Tuesday 23 October 2018

French lessons open doors for Fahley

Bordeaux move has put rejuvenated midfielder on a new path

Niamh Fahey is enjoying the continental life while also maintaining an eye on the future ahead of Ireland’s Women’s World Cup qualifier against European heavyweights the Netherlands Photo: Sportsfile
Niamh Fahey is enjoying the continental life while also maintaining an eye on the future ahead of Ireland’s Women’s World Cup qualifier against European heavyweights the Netherlands Photo: Sportsfile

John Fallon

As she whiles away some of her afternoons in various Bordeaux cafés watching the world go by, Ireland women's midfielder Niamh Fahey invariably thinks of Hugh Grant's routine in the movie 'About A Boy'.

"He gets through the day by putting the hours into units," explains the Galway girl, now 30 and a decade with the senior international squad.

"It's been many years since I had this amount of free time in my career but it's easy to kill a few hours in Bordeaux and the chance is there to have a think about the future."

Fahey is one of only three players at the French top-flight club devoting her time solely to the game, meaning most of the training sessions are held in the evening with the part-timers.

Still, unlike the last time Fahey's work-life balance seemed out of kilter, she won't be seeking a day job to consume the hours.

On that occasion, after spending 2015 in a full-time environment with Chelsea, the boredom caused her to seek refuge in the workplace. It was a case of the biopharmaceutical research scientist being careful of what she wished for.

Admitted

"I asked for some part-time work from my previous employer but it didn't work out," she admitted.

"There was no consistency to trying to combine both jobs and I don't think they were too impressed. If I was to go back for a third time, they said it would have to be without any football commitments."

That's unlikely to occur any time soon as Fahey has settled into continental life.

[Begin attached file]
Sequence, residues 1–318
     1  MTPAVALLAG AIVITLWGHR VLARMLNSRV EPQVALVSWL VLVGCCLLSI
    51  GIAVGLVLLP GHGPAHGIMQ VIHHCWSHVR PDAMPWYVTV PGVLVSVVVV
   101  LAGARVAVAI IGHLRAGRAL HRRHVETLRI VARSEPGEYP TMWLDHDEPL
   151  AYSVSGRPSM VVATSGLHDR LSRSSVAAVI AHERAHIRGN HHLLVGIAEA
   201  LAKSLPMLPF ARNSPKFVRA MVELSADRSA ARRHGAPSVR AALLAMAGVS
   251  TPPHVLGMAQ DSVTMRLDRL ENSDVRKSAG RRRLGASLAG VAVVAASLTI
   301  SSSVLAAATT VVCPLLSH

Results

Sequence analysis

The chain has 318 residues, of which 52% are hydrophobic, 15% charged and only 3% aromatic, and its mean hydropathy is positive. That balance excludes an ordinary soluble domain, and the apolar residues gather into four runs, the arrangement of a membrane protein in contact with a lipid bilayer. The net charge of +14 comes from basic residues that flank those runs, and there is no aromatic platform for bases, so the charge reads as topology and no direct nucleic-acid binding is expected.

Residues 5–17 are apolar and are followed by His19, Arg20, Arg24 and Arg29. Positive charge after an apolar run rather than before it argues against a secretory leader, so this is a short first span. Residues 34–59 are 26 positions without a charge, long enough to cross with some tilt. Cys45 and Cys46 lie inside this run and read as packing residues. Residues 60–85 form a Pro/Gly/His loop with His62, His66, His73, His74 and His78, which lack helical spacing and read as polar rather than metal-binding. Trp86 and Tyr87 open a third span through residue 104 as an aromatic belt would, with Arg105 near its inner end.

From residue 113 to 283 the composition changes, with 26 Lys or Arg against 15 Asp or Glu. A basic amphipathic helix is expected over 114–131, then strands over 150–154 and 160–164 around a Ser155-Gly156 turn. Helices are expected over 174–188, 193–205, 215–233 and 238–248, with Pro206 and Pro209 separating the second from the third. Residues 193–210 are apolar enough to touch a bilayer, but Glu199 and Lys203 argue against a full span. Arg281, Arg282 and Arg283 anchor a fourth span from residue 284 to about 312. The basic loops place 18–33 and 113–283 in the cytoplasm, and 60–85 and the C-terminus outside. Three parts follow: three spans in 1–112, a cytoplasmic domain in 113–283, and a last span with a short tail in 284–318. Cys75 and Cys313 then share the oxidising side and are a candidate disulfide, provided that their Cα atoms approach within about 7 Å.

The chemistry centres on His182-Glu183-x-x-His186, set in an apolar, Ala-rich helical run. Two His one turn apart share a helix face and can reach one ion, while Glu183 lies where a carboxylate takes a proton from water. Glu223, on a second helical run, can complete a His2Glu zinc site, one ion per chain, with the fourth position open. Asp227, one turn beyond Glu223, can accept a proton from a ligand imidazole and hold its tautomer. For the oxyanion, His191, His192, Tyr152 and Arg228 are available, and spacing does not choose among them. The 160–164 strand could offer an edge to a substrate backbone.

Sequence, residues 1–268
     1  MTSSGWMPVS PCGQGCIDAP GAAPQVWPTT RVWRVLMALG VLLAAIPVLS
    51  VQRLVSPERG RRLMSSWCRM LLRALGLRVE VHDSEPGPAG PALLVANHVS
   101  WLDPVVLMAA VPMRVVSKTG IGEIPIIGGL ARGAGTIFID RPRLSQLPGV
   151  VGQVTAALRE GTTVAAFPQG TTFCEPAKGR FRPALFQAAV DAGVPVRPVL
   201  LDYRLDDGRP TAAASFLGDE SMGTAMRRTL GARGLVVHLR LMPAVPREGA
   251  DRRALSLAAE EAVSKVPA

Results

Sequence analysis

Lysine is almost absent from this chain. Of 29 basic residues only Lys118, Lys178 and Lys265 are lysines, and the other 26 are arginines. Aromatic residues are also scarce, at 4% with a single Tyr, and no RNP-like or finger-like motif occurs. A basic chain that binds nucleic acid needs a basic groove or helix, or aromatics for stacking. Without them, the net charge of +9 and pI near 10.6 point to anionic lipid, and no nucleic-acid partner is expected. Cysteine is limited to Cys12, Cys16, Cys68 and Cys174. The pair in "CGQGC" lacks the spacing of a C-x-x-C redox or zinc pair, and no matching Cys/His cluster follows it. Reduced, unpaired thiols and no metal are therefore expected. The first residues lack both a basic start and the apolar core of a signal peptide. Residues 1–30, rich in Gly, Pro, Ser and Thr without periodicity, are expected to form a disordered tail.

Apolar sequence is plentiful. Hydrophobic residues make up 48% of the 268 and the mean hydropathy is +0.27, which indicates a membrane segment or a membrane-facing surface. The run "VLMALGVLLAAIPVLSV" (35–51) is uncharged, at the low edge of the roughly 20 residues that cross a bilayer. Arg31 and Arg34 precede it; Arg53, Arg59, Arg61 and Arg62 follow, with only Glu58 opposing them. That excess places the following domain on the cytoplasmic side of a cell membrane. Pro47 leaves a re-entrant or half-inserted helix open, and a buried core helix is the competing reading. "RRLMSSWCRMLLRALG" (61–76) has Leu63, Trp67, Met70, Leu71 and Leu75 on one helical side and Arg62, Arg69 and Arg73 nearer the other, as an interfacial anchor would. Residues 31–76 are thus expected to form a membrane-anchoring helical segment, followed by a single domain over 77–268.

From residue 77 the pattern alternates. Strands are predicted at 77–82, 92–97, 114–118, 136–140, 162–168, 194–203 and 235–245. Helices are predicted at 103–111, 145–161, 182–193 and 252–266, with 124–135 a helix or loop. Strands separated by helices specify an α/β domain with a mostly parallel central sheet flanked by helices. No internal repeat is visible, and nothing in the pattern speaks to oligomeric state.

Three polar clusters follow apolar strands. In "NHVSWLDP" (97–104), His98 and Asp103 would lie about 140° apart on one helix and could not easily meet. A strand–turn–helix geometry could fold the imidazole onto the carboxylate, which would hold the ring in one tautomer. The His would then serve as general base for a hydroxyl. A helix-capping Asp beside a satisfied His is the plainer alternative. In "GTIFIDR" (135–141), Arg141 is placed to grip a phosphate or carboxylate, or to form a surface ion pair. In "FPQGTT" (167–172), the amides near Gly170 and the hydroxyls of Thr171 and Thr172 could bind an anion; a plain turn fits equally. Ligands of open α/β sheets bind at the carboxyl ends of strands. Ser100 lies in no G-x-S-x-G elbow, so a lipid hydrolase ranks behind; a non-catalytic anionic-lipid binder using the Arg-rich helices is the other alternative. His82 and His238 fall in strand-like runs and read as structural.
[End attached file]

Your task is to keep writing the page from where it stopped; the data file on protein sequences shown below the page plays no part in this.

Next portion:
She'd known nothing but success during her time in England, winning medals galore for Arsenal and then Chelsea, and her changed status within the hierarchy of the French league isn't a problem.

Although French teams have contested all but one of the last nine Champions League finals, with Lyon currently holders for a second successive year, Bordeaux operate amongst the chasing pack behind the top three.

There's no sign of Paris-Saint Germain, Montpellier or Lyon having their dominance threatened on or off the pitch.

"Things hadn't gone to plan at Chelsea after I'd come back from injury and I wasn't happy just being a squad player," explained Fahey. "Moving to France wasn't something I'd thought about but I didn't fancy staying in England and this opportunity to work in a nice part of the world came up in July.

"Using my Leaving Cert French to get by was never going to be enough. There's a player on the team each from Brazil and New Zealand so the three of us take language lessons during the daytime.

"The standard of football in the league is very high, with most of the teams playing attacking and free-flowing football.

"As a defensive midfielder, that makes it difficult for me but I've enjoyed playing against some of the best teams in Europe, like PSG and Lyon."

Whatever about expanding her trophy haul, Fahey will utilise her time in France to attain her coaching qualifications. As retired captain Emma Byrne said last week, the prospects of those behind the women's team's uprising against the FAI in April being employed by the association are remote, leading the stalwarts to broaden their scope for future employment opportunities.

"At my age, I've got to be thinking what to do next and coaching is an area I'm certainly interested in," she confessed.

"I'm an outdoors type of person and the idea of working within the four walls of an office is not conducive to that. There's no guaranteed coaching jobs in Ireland unless you work for the FAI, so I won't pigeon-hole myself into one area and will probably have to stay abroad."

That crusade for equality not only brought the team to national prominence but also global acclaim. Fahey believes the group were fully vindicated in taking the firm stance they did at a momentous press conference at Liberty Hall.

"I wouldn't be comparing us to the Weinstein-effect but our highlighting of issues started a ripple in women's sport," she insisted.

"It needed us to open the can of worms. It wasn't long before other national teams started demanding more."

The players have also asked more of themselves and two wins from their opening pair of World Cup qualifiers sets them up nicely for tomorrow's ultimate test against Holland.

"They're the European champions in front of a full house but we've got belief. Maybe in previous campaigns, we were coasting along and had excuses but everything is in place now. We'll be ready for the Dutch," said Fahey.

Irish Independent

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